2011 Nissan Altima Hybrid Review

A fine vehicle in its own right, as a hybrid, the Nissan Altima leaves one in search of greener pastures

2011 Nissan Altima Hybrid Review

Although highly controversial, perceived ‘environmental’ concerns have required many businesses to adjust to a new political climate. In the case of automakers, a big part of that has been pushing alternative or more fuel-efficient vehicles. In North America, the most popular (and high profile) approach has been hybrids.


1. Fuel economy for the Altima Hybrid is rated at 33/35-mpg (city/hwy).

2. The car’s combined gas/electric power rating is 198 horsepower.

3. The Altima Hybrid is offered in just eight states and in Canada.

4. For 2011 pricing remains unchanged at $26,780.

Sure, the Toyota Prius has captured the lion’s share of attention, but among the major Japanese brands, Honda and Nissan have also been peddling their own versions. Nissan has been somewhat hobbled by the fact that its mid-size Altima hybrid sedan utilizes many hybrid parts courtesy of Toyota, which have so far restricted the car’s availability and also profitability. For the 2011 model year (its fourth on the market) it still won’t be a nationwide vehicle – only offered for sale in nine U.S. States – California, Connecticut, Maine, Massachusetts, New Jersey, New York, Rhode Island and Vermont.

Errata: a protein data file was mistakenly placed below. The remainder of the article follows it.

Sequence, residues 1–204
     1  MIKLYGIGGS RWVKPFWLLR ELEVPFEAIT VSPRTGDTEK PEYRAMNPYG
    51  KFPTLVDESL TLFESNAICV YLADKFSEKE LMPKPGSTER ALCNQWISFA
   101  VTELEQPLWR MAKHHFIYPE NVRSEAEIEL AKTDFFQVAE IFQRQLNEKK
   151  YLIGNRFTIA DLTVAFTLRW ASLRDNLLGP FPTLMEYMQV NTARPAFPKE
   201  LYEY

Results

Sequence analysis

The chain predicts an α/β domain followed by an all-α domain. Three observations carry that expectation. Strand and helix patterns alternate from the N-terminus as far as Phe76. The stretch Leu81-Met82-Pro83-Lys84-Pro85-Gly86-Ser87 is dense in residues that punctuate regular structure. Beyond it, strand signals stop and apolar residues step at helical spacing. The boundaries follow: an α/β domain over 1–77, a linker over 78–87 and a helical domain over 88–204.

At first sight, our test victim didn’t exactly set itself apart. Prius followers may go gaga over their favorite car’s trapezoidal styling, but the Altima Hybrid looks like it should be parked outside the local bingo hall, a fact that was not helped by our tester being finished in a hue called ‘Mystic Jade.’ Other somber exterior colors, such as Navy Blue, Ocean Grey, Dark Slate, Winter Frost, Super Black and (this is a good one) Radiant Silver, help cement this car’s persona as sensible and safe. Inside, earth tones also dominate – ours was finished in a youthful beige, but black, gray and green are available, though not with all exterior colors.

The Altima has gained a reputation as a somewhat sporting sedan over the last decade, with big wheels and tires, a sport tuned suspension and lusty engines (particularly the 3.5-liter V6) making it a livelier alternative to mainstream porridge like the Toyota Camry. That said, the Hybrid version appears somewhat out of place compared to its sportier siblings, the Altima sedan and coupe. Perhaps it’s the Toyota influence, or perhaps it’s just the fact that as a hybrid, it’s got a different mission in life.

When you saddle up and take in those acres of beige, you’re faced with a decent driving position and seats that are quite supportive and comfortable, especially compared to a current Accord. Driver ergonomics are pretty good too – a steering wheel with both tilt and telescoping functions makes getting the right posture easy and height adjustable seat belts seem to work better than most. Power controls are reasonably well placed, but this author found that the window switches were located a bit too far forward – which proved frustrating. The lack of a trunk release handle on the driver’s side floor, next to the fuel door lever, was also infuriating.